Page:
International law differs from national law in its aims, subjects, boundaries and deliberative bodies. National law is concerned with running a particular country and promoting the interests of its people. International law promotes the welfare of the entire international community, and has to respect the sovereignty of states.Know More
The United Nations describes international law as defining the legal responsibilities that states have one to another. Sometimes this means that the issues it covers overlap with national law: immigration, global commerce and war. However, international law does not strive to benefit a single nation or group of nations. Thus, some of the objectives of international law can seem to be in conflict with the purposes of national law. For example, states typically build up their militaries and weapons stockpiles as a way of ensuring national security. International law, on the other hand, promotes mutual disarmament as a way of establishing peace.
The Legal Information Institute at Cornell University explains the sources of international law. Whereas national law is derived from state political bodies like parliaments and congresses, international law comes from international agreements. In a country, the government has the full force of a judicial system, police and military to enforce its laws. Because the international community strives to avoid war at all costs, economic sanctions are one of the few measures that can be used against transgressors of international law. As a result, international law is difficult to enforce. The United Nations Charter has established the International Court of Justice as its principal judicial organ.Learn more about Law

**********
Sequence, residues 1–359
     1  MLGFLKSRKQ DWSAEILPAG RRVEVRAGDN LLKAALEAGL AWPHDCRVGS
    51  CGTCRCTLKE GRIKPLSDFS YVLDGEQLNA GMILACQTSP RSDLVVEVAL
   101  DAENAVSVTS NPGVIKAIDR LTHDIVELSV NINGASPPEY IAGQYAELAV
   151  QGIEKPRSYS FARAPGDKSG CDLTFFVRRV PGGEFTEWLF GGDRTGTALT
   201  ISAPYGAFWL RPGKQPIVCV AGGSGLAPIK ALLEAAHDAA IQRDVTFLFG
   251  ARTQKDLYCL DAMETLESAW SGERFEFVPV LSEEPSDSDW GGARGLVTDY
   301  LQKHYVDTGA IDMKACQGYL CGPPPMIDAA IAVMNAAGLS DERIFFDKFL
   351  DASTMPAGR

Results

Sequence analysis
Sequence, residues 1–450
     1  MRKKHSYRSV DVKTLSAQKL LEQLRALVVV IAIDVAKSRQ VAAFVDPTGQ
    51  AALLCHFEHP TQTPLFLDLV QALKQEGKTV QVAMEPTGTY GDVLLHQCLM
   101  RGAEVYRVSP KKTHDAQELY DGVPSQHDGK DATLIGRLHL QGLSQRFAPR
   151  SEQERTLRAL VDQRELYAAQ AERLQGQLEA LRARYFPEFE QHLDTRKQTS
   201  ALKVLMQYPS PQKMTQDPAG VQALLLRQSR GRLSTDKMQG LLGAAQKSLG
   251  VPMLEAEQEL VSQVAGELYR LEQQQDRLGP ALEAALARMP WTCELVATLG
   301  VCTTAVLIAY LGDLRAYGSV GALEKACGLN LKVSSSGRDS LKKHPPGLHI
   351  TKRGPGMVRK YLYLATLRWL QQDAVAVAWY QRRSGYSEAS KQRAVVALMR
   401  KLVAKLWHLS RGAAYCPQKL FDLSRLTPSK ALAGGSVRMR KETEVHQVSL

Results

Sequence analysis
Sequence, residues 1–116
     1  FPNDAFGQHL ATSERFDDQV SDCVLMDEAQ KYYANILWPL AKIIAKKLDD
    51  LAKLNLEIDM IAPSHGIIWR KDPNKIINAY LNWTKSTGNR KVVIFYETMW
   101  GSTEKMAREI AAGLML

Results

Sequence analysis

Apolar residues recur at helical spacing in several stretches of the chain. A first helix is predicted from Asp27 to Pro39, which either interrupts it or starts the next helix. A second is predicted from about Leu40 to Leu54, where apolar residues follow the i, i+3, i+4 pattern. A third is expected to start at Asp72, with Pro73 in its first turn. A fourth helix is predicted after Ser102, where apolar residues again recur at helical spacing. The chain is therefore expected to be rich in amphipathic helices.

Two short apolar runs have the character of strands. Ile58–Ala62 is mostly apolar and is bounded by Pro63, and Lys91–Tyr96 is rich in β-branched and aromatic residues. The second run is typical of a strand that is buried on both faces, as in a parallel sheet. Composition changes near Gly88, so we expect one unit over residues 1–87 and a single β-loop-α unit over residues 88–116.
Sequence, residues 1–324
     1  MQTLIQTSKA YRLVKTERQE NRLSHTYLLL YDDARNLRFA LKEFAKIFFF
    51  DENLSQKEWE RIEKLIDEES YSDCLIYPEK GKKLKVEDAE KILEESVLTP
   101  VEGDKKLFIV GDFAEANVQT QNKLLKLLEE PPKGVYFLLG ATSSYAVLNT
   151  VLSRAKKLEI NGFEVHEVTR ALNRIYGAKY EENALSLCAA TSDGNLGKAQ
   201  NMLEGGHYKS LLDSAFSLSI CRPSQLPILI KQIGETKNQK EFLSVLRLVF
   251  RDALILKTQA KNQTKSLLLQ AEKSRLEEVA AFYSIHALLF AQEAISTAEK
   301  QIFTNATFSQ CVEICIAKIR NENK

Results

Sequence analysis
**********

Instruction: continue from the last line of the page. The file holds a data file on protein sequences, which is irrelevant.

Cost of living differs between states and other geographical boundaries due to price differences in housing, groceries, health care, transportation and utilities. These factors may be different in separate states due to differences in social policies, tax rates and inflation levels.Full Answer >
Maritime boundaries can generally be divided between territorial waters and international waters, which begin 12 nautical miles from a sovereign coastline, according to Geoscience Australia. The U.S. Coast Guard explains that international law generally prohibits any nation from asserting jurisdiction over foreign vessels on international waters.Full Answer >
The penalty for wanton endangernment differs depending on the degree, the state and if the person is a repeat offender or not. For instance, in Kentucky, it is a class D felony that attracts a prison term of up to five years.Full Answer >
The Health Insurance Portability Accountability Act is a U.S. law that Congress passed in 1966 that aims to ensure the privacy of medical information and aims to provide consumers ongoing health insurance coverage during employment changes, according to the University of Miami. HIPPA also attempts to reduce waste and fraud within the American health-care system by punishing health-care providers who commit fraud and abuse resources.Full Answer >